Esther 2:2, Question 1. Why does the verse stress that Achashverosh’s advisers were “youths?”

ב וַיֹּאמְרוּ נַעֲרֵיהַמֶּלֶךְ מְשָׁרְתָיו יְבַקְשׁוּ לַמֶּלֶךְ נְעָרוֹת בְּתוּלוֹת טוֹבוֹת מַרְאֶה

2. And the youths of the king from his advisers said, “The king should seek out young women, virgins, who look good.”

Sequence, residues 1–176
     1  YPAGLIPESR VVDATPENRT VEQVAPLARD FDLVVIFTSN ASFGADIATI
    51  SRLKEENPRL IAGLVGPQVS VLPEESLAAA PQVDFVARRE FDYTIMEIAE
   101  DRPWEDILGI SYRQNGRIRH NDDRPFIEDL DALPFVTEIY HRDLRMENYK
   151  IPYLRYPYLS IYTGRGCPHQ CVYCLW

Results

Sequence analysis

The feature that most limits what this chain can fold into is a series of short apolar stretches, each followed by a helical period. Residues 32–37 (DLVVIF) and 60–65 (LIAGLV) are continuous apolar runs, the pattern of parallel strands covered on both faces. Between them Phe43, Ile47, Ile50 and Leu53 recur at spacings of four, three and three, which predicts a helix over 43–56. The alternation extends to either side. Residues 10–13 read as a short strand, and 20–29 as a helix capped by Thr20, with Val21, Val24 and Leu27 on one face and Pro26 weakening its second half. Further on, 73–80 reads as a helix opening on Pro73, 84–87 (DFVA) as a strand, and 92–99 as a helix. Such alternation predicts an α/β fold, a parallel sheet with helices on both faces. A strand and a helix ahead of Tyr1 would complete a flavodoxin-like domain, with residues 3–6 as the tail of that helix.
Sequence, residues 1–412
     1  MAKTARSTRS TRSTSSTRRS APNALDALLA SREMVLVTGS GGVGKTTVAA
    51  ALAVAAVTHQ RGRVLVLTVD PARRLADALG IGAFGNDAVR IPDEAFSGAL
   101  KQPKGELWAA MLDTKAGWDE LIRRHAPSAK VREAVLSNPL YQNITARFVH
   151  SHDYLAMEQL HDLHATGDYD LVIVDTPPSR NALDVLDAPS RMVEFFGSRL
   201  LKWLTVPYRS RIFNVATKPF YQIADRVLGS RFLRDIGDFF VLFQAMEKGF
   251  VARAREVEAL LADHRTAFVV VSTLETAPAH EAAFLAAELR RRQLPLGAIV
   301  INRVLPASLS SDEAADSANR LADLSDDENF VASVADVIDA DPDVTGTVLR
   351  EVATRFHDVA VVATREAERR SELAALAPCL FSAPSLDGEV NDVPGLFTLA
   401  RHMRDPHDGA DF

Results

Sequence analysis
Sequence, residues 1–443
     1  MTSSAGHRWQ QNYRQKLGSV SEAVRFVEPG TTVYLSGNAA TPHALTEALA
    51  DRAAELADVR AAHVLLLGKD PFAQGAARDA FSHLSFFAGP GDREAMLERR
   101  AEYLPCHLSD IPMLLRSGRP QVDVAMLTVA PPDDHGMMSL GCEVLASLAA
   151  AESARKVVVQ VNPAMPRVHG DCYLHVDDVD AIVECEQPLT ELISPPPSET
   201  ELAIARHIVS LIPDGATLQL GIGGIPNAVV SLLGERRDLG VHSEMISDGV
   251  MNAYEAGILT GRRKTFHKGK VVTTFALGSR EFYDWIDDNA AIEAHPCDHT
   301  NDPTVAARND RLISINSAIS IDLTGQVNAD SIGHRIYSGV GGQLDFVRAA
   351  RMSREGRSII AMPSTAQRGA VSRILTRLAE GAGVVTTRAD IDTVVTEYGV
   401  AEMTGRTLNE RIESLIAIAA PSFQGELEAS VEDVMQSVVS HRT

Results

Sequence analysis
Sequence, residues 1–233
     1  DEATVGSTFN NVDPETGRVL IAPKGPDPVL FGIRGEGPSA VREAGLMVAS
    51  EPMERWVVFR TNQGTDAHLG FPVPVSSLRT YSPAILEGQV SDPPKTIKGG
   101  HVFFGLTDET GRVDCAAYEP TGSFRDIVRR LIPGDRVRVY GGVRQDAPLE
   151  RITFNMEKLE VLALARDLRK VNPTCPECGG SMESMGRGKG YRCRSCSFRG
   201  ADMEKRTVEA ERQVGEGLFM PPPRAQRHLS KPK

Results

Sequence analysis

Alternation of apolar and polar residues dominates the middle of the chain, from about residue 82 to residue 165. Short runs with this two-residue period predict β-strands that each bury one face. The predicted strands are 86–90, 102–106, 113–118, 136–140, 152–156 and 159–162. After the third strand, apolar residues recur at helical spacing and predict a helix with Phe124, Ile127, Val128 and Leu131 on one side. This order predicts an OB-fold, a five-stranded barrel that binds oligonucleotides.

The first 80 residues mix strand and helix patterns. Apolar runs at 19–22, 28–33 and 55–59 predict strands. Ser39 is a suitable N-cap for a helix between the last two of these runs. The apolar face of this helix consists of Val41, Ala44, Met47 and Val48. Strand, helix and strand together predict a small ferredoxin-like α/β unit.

After having killed his primary advisers (as we said in previous blog posts), Achashverosh was left with his freshman advisers. According to M’nos HaLevi, the king reasoned that their youth may grant them a dovish advantage over the old hawks he blamed for killing his beloved queen. Furthermore, these youths were servants catapulted to this position by a hung-over, depressed king desperate for the human interaction advice guarantees, perhaps without consideration for the quality of the advice given. The Rabbis of the Talmud (see Megillah 31b and Nedarim 40a) consider it generally unwise to take advice from youths, as King Rechavam helped fracture the kingdom of Yehudah by taking his young friends’ advice over that of the elders (Melachim 12).